• On April 28, 1789, the HMS Bounty is seized in a mutiny led by Fletcher Christian, the master’s mate. Captain William Bligh and 18 of his loyal supporters were set adrift in a small, open boat. Bligh and his men reached the East Indies in June after a voyage of some 3,600 miles.
• On April 30, 1888, orangesized hail devastates the farming town in India, killing 230 people. The area’s many farmers were out working their fields when the storm began, and most of the victims died instantly.
• On May 1, 1923, Joseph Heller, author of the classic satirical novel “Catch-22,” is born in Brooklyn, N.Y. “Catch-22” explores a paradox in Army regulations: A pilot could be grounded if found insane, but if the pilot requested to be grounded because of insanity, the Army considered him perfectly sane for wanting to avoid danger – and wouldn’t ground him.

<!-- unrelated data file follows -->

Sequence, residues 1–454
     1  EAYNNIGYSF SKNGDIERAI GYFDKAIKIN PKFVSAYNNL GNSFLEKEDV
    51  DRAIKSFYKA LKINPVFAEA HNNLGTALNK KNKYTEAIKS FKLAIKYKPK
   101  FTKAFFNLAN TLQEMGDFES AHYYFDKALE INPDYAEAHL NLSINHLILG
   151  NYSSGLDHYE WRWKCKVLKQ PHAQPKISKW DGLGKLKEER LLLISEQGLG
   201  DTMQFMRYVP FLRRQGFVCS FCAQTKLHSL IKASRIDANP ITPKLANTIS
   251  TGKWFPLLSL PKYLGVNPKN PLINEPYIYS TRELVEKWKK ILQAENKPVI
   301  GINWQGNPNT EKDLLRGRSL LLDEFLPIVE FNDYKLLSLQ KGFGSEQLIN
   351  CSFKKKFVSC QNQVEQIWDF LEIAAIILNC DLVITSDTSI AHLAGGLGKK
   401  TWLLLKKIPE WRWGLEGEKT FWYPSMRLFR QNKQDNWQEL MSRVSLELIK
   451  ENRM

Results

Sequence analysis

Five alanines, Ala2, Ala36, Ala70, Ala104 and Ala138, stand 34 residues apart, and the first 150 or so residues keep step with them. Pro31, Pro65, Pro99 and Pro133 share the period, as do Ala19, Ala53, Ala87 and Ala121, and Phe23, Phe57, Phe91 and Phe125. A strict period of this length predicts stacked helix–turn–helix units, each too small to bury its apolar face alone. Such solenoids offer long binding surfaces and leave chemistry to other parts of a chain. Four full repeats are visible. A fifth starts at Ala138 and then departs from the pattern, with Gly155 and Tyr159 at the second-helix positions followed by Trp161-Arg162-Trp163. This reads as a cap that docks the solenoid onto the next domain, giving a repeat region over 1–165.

• On May 4, 1948, Norman Mailer’s first novel, “The Naked and the Dead,” is published. After leaving the Army in 1946, he wrote the best-seller while studying at the Sorbonne in Paris, basing it on his own military experiences.
(c) 2008 King Features Synd., Inc.